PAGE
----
#1 FinOps Challenge

The FinOps Foundation’s State of FinOps 2023 survey finds that “getting engineers to take action on cost optimization” is once again the #1 FinOps challenge. The survey is not specific to cloud data environments, but virtually every challenge is highly relevant to data teams, arguably even more so.

Source: FinOps Foundation

Data engineers find it challenging “to take action on cost optimization” not because they’re obstinate (not usually), but because they simply don’t have the insights to optimize costs. In our experience, data engineers and Ops teams and everyone else wants to do the right thing (spend most cost-effectively); they just don’t have the information they need to do the right thing.

This is the issue MegaBankCorp ran into. Sammi tasked his engineering team leaders to have their people revisit what they have requested to “rent” from Databricks and AWS: measure what was asked for vs. what was actually needed. Just from spot-checking a couple of dozen jobs, he knew that a lot of the Spark jobs were calling for resources with more memory or compute power or storage than they needed to run successfully. Not to mention some persistent code inefficiencies that were making the jobs run longer than necessary.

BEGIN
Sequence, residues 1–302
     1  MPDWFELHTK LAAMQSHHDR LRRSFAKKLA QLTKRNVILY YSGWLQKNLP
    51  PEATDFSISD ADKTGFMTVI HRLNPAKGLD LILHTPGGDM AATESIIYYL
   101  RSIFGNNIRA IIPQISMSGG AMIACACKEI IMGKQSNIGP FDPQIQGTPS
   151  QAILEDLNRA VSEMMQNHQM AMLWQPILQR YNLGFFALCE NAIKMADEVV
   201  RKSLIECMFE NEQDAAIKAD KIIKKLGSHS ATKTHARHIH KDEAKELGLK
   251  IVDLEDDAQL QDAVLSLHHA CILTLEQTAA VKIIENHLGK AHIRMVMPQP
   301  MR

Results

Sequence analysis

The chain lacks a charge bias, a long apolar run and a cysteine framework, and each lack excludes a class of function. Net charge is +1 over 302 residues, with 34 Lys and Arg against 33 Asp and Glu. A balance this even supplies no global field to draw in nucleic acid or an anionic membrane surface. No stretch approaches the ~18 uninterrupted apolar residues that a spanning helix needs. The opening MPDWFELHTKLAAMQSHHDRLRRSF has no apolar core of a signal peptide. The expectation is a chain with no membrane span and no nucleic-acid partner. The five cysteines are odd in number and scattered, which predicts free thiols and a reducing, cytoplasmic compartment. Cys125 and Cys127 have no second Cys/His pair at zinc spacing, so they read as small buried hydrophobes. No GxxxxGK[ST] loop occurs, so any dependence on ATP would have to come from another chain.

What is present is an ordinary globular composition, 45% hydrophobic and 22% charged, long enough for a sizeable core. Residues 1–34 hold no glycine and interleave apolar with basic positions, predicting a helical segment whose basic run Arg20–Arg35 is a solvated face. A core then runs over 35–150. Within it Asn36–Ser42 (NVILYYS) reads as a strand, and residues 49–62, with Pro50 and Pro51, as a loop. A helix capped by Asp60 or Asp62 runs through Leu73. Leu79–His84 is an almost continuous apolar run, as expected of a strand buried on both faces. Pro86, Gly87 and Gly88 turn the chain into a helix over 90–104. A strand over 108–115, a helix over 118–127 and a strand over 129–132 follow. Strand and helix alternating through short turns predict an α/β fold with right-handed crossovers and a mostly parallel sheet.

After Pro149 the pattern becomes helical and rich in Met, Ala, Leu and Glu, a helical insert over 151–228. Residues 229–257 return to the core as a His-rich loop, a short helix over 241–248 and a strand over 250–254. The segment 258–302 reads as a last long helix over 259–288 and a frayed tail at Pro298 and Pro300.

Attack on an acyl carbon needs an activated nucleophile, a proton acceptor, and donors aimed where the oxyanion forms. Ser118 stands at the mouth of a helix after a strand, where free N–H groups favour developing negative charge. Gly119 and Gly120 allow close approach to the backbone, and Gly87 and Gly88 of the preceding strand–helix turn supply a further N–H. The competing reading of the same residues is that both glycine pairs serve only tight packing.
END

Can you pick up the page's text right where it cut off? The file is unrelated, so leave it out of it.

What happened is that a couple of thousand engineers spent a lot of their time trying to do something they’re not good at, something they never trained for. They spun their wheels in time-consuming manual detective work and trial-and-error, hit-or-miss efforts (ironically, driving up the monthly cloud data bill), and still many never really cracked it. They were spending more time doing that than developing new applications.

For the individuals on Sammi’s teams to make the most cost-effective choices about configuring and running their particular jobs—which is where a lot of the money is being spent—it has to be easy for them to do the right thing. That means showing them what the right thing is. They don’t need more charts and graphs that, while showing a lot of useful information, still leave it in their shoulders to figure things out. They really just want to know how to fix things.

They really need AI.